The Senate approved Gov. Bill Haslam’s tenure reform legislation Thursday on a 21-12 vote, moving a key part of the governor’s legislative agenda forward.
The bill was heavily debated, with Democrats expressing deep concerns, particularly over whether the state’s evaluation system for teachers is equipped for such a substantive change. Sen. Douglas Henry, D-Nashville, was the only Democrat to vote in favor of the bill. All Republicans in the Senate voted for it.
“I’ve said all along I think it’s an important piece for what we’re trying to do with education in Tennessee, so I’m thrilled to see it take one more step,” Haslam said Thursday.
The governor said he did not think the process had been rushed, as has been alleged by many Democrats.
“The concept of tenure is not something that’s new to folks, and how we’re going to work it and use the evaluation process, I think, again is something that has a lot of feedback and input,” Haslam said. “Remember, we have two more years to get that evaluation process right before it impacts anybody’s tenure.”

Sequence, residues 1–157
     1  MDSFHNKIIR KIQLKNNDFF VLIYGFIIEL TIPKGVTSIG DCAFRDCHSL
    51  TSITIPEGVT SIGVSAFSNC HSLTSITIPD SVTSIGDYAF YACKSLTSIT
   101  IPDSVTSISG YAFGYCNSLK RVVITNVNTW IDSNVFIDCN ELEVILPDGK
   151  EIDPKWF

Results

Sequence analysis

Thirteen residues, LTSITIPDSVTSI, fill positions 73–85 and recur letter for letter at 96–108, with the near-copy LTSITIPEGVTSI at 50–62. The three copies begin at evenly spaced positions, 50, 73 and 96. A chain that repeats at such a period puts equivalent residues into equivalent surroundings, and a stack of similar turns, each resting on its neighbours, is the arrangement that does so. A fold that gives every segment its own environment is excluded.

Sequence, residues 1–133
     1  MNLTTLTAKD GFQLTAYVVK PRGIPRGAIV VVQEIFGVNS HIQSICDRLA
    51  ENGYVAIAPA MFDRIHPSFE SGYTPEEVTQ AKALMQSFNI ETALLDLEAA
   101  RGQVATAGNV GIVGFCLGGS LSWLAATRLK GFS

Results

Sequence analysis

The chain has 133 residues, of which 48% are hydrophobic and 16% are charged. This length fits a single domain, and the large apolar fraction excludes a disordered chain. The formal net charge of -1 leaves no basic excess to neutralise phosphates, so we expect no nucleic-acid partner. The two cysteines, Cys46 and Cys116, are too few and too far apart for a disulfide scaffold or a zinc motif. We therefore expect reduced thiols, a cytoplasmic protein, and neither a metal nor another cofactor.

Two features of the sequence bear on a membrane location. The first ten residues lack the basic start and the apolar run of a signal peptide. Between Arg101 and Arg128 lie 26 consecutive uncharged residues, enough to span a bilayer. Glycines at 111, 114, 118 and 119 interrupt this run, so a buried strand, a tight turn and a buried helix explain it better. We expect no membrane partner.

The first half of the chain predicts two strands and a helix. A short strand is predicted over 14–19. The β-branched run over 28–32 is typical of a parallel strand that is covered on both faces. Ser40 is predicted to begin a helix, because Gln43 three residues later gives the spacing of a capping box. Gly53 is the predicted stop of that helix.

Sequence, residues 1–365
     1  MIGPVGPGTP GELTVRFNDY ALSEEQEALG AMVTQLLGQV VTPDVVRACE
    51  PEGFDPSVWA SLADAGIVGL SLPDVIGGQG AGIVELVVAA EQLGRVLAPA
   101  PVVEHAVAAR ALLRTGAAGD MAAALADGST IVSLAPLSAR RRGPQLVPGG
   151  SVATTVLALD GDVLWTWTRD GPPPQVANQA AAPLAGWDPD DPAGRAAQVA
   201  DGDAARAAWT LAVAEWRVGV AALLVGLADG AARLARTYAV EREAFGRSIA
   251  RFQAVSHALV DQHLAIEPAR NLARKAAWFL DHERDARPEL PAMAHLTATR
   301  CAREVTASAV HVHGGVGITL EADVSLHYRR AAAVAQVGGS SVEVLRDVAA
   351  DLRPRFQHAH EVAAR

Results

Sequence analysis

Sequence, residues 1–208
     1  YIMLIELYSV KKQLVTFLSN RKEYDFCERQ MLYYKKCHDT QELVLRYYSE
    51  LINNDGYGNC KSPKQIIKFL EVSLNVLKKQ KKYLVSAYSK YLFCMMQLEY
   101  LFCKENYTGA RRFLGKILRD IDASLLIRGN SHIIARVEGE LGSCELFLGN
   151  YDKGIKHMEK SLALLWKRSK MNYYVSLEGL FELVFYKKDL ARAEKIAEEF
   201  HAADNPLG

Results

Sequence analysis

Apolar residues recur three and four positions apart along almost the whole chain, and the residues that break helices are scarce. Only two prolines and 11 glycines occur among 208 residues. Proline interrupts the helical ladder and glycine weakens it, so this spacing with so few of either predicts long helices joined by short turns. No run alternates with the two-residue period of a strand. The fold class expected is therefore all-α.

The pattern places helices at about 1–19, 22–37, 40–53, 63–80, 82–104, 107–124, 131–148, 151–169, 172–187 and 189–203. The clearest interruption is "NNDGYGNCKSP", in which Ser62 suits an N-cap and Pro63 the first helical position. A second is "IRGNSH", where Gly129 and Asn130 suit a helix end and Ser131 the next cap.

The bill calls for revamping the teacher tenure process by changing the probationary period that teachers have to complete to become eligible for tenure from three years to five years. Even after achieving tenure, a teacher could be returned to probationary status.
A teacher who is returned to probationary status would have to be evaluated for two consecutive years at a level “above expectations” or “significantly above expectations” to keep tenure. The legislation would not affect teachers who already have tenure.